Monday, November 2, 2009

How to Prep a Lawnmower for Winter Storage

By Handy Man
Before I begin, I will first say that there are many correct ways to prep your lawn and garden machinery for winter’s hibernation. But, I’ll describe the steps I use based upon my father’s advice from nearly 40 years for power equipment repair experience.
I’m sure more than one of you out there has gone to start your lawn mower for the first time, at the beginning of the mowing season and nearly pulled your arm out trying… You can admit it… It’s ok, most of us have done it at least once. Now you see that the whole idea behind this process is to prevent what I’ve just described, above.

Now, performing this process yourself is not for everyone. For those of you who are not DIY’ers, I have this advice:

Bribe a friend or relative with a case of beer to perform the service for you (just be sure to wait until the service is complete before imbibing).
Pay a mechanic for this service.

If you are going to attempt to do this yourself, here's how to do it:

For machines which require an oil change, I like to run them for 10 minutes or so before beginning. This heats up the oil, thinning it out, allowing it to drain from the engine block a little easier.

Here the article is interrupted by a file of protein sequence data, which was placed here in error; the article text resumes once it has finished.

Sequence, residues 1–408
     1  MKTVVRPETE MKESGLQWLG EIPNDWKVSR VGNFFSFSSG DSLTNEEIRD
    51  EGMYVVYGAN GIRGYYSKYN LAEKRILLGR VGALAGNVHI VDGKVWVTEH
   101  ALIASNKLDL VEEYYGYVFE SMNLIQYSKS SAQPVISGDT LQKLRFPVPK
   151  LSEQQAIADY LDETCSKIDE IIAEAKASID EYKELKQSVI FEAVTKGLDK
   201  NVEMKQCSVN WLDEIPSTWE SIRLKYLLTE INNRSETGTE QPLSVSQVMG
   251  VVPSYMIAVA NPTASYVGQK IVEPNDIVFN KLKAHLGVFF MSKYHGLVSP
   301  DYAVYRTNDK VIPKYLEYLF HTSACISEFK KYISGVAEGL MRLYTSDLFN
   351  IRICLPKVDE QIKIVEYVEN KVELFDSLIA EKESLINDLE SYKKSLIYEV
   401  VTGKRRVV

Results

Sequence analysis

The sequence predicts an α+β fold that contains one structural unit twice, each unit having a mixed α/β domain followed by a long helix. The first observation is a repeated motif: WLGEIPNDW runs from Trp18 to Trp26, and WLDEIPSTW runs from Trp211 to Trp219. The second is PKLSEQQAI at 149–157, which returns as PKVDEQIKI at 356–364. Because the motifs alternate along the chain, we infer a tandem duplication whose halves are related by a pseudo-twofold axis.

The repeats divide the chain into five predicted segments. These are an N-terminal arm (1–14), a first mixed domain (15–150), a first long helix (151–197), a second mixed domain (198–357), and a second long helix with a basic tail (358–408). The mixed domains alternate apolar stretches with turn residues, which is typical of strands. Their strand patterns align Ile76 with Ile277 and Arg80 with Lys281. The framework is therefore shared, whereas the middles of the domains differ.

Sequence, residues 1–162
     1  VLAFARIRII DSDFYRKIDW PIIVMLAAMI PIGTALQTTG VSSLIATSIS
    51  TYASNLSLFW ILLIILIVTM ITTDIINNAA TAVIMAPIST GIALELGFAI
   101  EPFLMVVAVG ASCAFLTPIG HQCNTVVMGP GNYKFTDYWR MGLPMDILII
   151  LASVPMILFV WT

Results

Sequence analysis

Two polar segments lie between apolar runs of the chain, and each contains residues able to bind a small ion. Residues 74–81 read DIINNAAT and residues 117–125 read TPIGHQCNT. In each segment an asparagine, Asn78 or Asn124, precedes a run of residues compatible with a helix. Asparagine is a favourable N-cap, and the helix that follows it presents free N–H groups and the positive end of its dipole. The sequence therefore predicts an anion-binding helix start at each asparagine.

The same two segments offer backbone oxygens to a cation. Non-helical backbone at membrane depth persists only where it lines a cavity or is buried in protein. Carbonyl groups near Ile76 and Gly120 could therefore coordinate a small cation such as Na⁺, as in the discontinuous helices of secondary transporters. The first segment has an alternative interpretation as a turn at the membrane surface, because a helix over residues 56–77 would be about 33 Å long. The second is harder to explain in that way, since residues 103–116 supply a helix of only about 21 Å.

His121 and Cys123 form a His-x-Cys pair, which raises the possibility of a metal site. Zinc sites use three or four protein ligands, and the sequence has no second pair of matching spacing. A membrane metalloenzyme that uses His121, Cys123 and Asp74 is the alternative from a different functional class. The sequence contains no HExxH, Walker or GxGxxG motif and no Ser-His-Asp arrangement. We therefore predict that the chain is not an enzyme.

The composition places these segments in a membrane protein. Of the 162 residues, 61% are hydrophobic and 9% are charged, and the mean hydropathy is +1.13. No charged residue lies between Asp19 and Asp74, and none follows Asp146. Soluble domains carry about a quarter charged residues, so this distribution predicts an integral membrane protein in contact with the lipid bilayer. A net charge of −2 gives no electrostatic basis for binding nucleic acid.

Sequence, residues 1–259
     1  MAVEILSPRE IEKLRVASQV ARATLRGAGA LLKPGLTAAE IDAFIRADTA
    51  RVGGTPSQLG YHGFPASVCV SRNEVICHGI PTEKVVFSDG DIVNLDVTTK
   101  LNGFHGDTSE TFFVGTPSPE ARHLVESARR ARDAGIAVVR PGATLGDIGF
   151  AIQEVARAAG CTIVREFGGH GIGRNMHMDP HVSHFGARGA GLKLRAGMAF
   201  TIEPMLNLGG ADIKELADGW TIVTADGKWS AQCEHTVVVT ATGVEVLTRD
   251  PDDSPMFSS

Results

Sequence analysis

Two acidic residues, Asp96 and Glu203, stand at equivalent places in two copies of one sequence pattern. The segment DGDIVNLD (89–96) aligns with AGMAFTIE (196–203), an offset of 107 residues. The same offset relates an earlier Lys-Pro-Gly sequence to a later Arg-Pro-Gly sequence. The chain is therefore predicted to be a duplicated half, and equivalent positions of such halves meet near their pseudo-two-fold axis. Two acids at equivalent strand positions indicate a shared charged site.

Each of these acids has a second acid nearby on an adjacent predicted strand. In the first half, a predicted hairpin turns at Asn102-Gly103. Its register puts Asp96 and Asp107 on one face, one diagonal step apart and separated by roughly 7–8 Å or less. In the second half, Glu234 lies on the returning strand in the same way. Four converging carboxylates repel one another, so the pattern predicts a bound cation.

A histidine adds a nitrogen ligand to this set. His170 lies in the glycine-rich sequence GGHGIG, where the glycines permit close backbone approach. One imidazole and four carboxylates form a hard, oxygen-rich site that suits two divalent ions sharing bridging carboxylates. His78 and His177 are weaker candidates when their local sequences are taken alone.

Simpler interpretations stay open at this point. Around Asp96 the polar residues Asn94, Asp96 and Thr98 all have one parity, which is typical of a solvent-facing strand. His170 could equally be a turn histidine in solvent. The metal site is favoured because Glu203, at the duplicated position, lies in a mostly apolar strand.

1. Check the oil level. Always check the oil level before starting the engine. It’s a good habit.
2. Run the engine for 10 minutes or so to warm it up.
3. While warming up the machine, take a minute to gather up the waste oil drain pan, any necessary wrenches, pliers and screw drivers. And don’t forget PLENTY of rags. (It’s better to have too many and not need them than to have too few and need more than you’ve got).
4. Shut the engine off. Drain the oil and change the oil filter (if applicable).
5. Refill the engine with oil (refer to the manual for the correct amount).
6. Again, check the oil level to ensure proper level. Too much oil is just as bad as not enough.
7. Run the engine for a minute or two and check for leaks.
8. Turn it off and check the oil. Add more as needed. (A new oil filter will retain 3 to 4 ounces of oil after the first run).

Now that there is fresh oil in the engine, it’s time to drain the gas from the tank and run the machine again until it burns all of the remaining fuel out of the gas lines and carburetor.

For the machines which do not require an oil change, I still like to run them for 5 or 10 minutes before beginning, just to get them warmed up. Then drain the fuel from the tank and run the machine again until the gas in the lines is burned up.

If this seems like too much work, please keep in mind that there are fuel stabilizer products which are supposed to keep the gas from going bad over the winter. They do work, but I prefer to run the machines completely out of gas. My equipment has never failed to start on the first or second pull, come spring.


Beth said...

That reminds me, I need to get out and do the last mow of the season. (winks)

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